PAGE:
Supreme Court Rules that TTAB Decision May Have Preclusive Effect
In an attention-grabbing decision, at least in trademark circles, the Supreme Court ruled yesterday that, in an action for trademark infringement, "[s]o long as the other ordinary elements of issue preclusion are met, when the uses adjudicated by the TTAB are materially the same as those before the district court, issue preclusion should apply" to the issue of likelihood of confusion. The Court reversed the decision of the Eight Circuit that held that the TTAB decision in favor of B&B was not entitled to preclusive effect because, inter alia, the TTAB and the Eighth Circuit use different factors to evaluate the issue. B&B Hardware, Inc. v. Hargis Industries, Inc., 113 USPQ2d 2045 (2015).
The Court held that issue preclusion can be grounded on the decision of an administrative agency. Both Supreme Court precedent and the Restatement (Second) of Judgments "make clear that issue preclusion is not limited to those situations in which the same issue is before two courts." [The Court did not address the question of whether this application of issue preclusion is constitutional because that Article III issue was not properly raised.] The Court found nothing in the Lanham Act that bars application of issue preclusion in this type of case.
Nor is there any categorical reason why TTAB decisions on registration can never meet the ordinary elements of issue preclusion. The Court agreed with Professor McCarthy that issue preclusion applies when "the issues in the two cases are indeed identical and the other rules of collateral estoppel are carefully observed."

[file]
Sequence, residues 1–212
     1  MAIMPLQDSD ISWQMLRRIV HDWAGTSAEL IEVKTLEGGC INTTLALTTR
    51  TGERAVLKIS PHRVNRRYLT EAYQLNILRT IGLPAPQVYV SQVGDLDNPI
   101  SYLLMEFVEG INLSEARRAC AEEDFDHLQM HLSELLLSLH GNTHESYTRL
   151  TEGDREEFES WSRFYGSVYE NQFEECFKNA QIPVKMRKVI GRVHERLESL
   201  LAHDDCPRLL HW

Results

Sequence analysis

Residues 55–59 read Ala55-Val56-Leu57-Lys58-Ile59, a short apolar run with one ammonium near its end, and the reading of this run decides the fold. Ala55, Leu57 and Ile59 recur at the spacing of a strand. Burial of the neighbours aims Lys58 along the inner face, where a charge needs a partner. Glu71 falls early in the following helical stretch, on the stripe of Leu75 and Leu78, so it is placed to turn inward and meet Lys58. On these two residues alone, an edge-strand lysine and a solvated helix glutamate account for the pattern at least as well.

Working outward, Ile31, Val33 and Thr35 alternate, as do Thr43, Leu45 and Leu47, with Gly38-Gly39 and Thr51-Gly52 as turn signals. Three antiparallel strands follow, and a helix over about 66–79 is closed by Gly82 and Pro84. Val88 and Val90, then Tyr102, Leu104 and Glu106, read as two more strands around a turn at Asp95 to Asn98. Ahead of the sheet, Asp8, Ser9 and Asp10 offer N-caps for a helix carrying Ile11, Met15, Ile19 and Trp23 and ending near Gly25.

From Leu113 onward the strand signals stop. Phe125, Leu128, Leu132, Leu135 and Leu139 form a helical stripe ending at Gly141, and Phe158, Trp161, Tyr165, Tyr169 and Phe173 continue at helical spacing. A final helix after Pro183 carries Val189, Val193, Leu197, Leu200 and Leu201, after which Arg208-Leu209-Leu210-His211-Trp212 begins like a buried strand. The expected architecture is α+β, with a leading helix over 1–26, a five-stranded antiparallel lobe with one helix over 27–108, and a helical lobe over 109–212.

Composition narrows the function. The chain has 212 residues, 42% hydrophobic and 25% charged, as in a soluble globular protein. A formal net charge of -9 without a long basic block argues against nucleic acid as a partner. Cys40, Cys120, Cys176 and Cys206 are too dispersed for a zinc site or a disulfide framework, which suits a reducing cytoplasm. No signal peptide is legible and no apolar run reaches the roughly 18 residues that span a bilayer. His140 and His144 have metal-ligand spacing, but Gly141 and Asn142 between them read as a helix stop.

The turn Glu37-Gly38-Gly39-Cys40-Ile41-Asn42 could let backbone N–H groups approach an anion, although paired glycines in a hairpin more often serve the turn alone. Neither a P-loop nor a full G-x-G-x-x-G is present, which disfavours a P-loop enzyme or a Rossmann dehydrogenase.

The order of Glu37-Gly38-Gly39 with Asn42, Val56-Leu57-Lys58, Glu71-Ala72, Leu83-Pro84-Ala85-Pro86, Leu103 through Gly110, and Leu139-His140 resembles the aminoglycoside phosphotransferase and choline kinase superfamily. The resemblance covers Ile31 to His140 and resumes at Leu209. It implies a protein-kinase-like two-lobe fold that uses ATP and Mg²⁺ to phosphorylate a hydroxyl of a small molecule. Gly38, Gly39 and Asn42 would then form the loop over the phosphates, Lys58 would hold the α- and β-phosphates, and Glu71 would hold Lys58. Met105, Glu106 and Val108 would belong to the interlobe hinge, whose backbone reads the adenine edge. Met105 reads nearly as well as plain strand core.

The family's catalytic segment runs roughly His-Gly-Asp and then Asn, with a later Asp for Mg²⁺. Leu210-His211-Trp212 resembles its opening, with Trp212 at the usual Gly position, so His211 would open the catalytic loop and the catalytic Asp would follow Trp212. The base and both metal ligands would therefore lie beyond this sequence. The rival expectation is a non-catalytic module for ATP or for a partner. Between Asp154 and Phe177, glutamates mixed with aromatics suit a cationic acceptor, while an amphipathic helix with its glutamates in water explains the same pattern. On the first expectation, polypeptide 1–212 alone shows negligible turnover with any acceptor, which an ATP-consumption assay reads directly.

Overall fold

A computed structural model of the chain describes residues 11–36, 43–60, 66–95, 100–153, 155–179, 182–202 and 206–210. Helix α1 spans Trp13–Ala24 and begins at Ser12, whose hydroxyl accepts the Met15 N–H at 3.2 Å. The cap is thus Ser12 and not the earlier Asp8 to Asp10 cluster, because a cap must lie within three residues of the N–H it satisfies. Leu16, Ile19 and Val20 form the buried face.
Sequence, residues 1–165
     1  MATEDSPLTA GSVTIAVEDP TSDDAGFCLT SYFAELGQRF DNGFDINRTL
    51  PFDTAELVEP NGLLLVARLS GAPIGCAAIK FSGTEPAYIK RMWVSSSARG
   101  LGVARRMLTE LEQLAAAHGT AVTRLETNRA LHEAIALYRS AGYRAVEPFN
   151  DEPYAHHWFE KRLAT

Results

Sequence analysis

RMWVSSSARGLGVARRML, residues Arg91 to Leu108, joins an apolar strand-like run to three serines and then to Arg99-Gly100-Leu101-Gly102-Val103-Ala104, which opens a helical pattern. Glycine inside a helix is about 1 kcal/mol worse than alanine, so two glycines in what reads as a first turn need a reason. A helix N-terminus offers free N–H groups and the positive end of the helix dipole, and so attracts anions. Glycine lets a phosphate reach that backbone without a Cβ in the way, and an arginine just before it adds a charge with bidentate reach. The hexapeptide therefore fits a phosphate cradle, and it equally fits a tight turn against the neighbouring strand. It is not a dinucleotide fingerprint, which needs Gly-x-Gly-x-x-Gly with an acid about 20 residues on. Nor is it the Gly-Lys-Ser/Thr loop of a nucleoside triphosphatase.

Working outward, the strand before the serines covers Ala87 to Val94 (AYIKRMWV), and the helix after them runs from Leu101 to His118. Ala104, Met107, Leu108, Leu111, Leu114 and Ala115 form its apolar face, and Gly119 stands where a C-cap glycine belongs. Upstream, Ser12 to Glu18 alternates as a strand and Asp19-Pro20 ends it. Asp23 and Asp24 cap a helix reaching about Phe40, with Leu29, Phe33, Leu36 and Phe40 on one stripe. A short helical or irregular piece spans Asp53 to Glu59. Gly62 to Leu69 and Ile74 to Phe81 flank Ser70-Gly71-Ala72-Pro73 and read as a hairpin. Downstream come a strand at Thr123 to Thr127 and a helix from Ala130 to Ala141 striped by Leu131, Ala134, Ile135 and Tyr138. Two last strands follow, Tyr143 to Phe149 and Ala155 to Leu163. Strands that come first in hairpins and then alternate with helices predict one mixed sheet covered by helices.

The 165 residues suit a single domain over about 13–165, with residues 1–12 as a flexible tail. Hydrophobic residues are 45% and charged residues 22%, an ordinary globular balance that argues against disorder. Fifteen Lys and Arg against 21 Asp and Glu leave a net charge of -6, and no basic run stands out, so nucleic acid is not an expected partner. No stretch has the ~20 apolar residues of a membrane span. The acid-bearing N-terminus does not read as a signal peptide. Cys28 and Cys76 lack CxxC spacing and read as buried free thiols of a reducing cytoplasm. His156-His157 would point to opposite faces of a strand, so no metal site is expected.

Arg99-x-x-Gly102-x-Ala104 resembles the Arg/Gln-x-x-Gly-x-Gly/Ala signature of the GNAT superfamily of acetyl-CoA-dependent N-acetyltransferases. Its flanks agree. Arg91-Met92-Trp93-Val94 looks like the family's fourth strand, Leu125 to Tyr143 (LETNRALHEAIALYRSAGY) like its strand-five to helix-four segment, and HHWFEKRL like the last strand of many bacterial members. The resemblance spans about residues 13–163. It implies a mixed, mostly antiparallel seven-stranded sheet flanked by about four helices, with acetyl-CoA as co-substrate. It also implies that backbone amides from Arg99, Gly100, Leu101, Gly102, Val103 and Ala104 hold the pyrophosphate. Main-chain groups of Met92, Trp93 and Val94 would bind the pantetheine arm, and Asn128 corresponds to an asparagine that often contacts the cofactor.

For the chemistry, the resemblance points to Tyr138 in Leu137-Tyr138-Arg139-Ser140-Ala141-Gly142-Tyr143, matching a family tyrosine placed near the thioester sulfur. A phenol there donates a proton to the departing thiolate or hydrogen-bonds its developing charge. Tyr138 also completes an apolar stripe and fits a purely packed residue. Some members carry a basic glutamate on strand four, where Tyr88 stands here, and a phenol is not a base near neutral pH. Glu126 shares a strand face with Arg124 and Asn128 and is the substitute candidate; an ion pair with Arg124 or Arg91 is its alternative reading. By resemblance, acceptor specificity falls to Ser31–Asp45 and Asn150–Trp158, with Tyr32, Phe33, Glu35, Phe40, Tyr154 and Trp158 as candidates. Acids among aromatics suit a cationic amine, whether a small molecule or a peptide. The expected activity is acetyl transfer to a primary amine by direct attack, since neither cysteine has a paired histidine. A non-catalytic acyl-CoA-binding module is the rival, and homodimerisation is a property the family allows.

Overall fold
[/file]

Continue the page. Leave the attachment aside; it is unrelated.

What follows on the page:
The Court found that, despite some differences in the factors applied by the TTAB and the Eight Circuit in assessing likelihood of confusion, the test were not fundamentally different. The standard for purposes of registration is the same as for purposes of infringement. Because the TTAB considered the mark as shown in the application for the goods identified in the application, its determination regarding likelihood of confusion may not resolve the issue as to usages that are not disclosed. However, that is not a reason for concluding that issue preclusion may never apply.
If a mark owner uses its mark in ways that are materially the same as the usages included in its registration application, then the TTAB is deciding the same likelihood-of-confusion issue as a district court in infringement litigation. By contrast, if a mark owner uses its mark in ways that are materially unlike the usages in its application, then the TTAB is not deciding the same issue. Thus, if the TTAB does not consider the marketplace usage of the parties’ marks, the TTAB’s decision should “have no later preclusive effect in a suit where actual usage in the marketplace is the paramount issue.” 6 McCarthy §32:101, at 32–246.
The Court remanded the case to the Eight Circuit, directing it to apply the following rule: "So long as the other ordinary elements of issue preclusion are met, when the usages adjudicated by the TTAB are materially the same as those before the district court, issue preclusion should apply."
Justice Ginsburg concurred in the majority opinion, on the understanding that "for a great many registration decisions issue preclusion will obviously not apply," because the decisions often involve "a comparison of the marks in the abstract and apart from their marketplace usage."
Justices Thomas and Scalia dissented, finding inadequate support for the proposition that common law principles of preclusion should apply to decisions of administrative tribunals, or that Congress implicitly authorized the decisions of the TTAB to have preclusive effect.
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TTABlog note: When a losing TTAB party seeks review by way of civil action under Section 1071, it is entitled to a trial de novo. Often infringement claims are added to the action. If additional or new evidence is submitted, it would seem that preclusion goes out the window. Is B&B v. Hargis a rare case where the opposition and civil action are simultaneous, with no appeal from the TTAB ruling?
Text Copyright John L. Welch 2015.